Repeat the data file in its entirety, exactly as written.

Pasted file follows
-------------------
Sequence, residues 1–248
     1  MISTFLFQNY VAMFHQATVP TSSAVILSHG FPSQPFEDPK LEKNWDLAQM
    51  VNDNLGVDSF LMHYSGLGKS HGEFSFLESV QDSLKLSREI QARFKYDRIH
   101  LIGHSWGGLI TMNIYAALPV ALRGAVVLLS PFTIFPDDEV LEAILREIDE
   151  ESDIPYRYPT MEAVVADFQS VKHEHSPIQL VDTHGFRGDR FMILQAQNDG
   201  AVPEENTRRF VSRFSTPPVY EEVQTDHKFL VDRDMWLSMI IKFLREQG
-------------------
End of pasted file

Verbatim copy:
Sequence, residues 1–248
     1  MISTFLFQNY VAMFHQATVP TSSAVILSHG FPSQPFEDPK LEKNWDLAQM
    51  VNDNLGVDSF LMHYSGLGKS HGEFSFLESV QDSLKLSREI QARFKYDRIH
   101  LIGHSWGGLI TMNIYAALPV ALRGAVVLLS PFTIFPDDEV LEAILREIDE
   151  ESDIPYRYPT MEAVVADFQS VKHEHSPIQL VDTHGFRGDR FMILQAQNDG
   201  AVPEENTRRF VSRFSTPPVY EEVQTDHKFL VDRDMWLSMI IKFLREQG